If anything, the world's ecological problems have only grown over the past 20 years since the Earth Summit of 1992 held in the Latin American city of Rio de Janeiro. As the developing world catches up with lifestyles that until recently were the privilege of the leading industrialised countries, the future looks even more perilous than before. Read more: http://weekly.ahram.org.eg/2012/1093/fe1.htm
"Despite the world's third largest economy, India still has huge problems with poverty, graft, water distribution and the environment. There is much to be done, especially with India's children."
That's how environmental journalist Robert Weir summed up his recent seven months in India, spent mostly in Calcutta (Kolkata), working with Rosalie Giffoniello's "Empower the Children" program.
As co-chair of the National Agricultural and Fisheries Council’s Committee on Climate Change of the Climate Change Congress of the Philippines, Christian Monsod also spoke at the forum about the role of green technologies and sustainability in poverty alleviation.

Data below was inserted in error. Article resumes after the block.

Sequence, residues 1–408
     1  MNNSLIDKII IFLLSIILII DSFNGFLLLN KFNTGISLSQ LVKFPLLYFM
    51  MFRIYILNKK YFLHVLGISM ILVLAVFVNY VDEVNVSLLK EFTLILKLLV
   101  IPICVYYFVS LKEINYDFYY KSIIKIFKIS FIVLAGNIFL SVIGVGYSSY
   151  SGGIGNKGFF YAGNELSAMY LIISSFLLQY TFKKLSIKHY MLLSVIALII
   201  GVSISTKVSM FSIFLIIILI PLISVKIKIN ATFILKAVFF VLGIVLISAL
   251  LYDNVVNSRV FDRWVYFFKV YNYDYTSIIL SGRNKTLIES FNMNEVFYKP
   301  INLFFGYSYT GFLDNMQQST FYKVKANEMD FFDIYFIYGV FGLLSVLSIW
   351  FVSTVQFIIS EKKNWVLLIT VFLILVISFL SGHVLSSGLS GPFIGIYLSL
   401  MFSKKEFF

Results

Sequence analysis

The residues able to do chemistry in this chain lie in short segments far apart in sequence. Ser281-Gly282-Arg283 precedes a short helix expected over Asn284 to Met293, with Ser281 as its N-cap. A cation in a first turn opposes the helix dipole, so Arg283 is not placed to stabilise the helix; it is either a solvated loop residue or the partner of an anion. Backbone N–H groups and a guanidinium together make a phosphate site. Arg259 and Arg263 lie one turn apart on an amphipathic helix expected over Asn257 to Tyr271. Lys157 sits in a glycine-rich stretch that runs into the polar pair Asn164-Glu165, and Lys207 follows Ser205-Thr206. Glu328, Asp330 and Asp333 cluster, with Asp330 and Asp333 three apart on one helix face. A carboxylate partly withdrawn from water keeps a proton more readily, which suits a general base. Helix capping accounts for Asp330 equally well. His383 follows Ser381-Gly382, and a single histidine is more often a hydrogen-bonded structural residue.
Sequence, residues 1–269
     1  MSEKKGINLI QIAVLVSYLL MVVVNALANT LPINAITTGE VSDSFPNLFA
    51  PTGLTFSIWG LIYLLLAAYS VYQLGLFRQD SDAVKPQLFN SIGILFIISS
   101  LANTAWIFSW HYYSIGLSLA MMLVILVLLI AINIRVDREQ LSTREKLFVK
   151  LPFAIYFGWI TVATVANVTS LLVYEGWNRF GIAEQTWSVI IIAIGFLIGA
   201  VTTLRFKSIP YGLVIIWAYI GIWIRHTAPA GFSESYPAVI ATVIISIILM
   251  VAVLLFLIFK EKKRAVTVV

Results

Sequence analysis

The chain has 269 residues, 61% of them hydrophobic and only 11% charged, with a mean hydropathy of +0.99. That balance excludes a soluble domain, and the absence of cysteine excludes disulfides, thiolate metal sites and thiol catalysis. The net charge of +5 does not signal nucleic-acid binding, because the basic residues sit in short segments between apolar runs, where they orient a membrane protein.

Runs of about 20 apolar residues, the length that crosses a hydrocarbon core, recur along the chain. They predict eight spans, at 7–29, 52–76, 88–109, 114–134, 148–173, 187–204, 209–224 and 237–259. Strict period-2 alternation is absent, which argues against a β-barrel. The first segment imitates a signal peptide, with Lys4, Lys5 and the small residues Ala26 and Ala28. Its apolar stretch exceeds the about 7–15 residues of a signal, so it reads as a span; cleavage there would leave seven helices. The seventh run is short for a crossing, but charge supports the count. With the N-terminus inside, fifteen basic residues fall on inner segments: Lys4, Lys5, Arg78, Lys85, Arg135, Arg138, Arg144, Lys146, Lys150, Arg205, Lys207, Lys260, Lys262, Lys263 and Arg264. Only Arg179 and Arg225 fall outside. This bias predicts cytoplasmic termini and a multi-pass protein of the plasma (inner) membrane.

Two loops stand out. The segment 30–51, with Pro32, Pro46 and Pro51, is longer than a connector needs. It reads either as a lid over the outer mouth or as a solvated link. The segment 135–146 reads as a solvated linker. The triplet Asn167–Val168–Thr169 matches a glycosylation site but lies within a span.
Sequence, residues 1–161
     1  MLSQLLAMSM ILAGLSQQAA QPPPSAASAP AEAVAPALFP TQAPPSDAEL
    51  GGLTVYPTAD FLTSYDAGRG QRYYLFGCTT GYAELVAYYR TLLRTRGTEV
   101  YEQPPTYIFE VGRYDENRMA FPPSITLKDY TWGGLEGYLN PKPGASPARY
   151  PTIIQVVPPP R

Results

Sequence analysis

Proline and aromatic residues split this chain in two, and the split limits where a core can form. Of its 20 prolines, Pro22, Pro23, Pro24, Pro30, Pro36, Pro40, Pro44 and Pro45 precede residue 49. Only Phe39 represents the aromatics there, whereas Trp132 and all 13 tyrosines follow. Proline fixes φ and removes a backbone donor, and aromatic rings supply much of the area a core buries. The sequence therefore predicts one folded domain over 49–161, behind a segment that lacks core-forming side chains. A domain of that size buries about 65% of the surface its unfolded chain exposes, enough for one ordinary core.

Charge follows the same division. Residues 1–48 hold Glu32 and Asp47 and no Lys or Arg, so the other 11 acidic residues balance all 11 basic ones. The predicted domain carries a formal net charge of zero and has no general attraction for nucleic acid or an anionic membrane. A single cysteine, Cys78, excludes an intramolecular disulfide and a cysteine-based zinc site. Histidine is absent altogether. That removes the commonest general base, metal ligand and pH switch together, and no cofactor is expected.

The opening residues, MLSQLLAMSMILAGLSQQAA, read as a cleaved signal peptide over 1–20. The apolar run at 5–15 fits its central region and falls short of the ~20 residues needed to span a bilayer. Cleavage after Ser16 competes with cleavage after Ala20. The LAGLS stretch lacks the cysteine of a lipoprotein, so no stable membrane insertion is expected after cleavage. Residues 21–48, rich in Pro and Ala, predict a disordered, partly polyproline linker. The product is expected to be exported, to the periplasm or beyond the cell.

India has had some success in reducing poverty, but a staggering 350 million people still live below the poverty line.
And discontent is rising, with the middle income feeling the pinch from soaring food prices.
Industry experts said it's time the government introduce new reforms to spur the country's economy.
World Bank Group President Robert B Zoellick begins an official visit to India tomorrow, to see what more it can do to support government efforts to overcome poverty, as India embarks on its 12th five-year Plan and global recovery remains fragile. “The Bank’s partnership with India, one of our founding members, goes back six decades, and we look forward to sustaining it in the years ahead,” Zoellick said in a statement.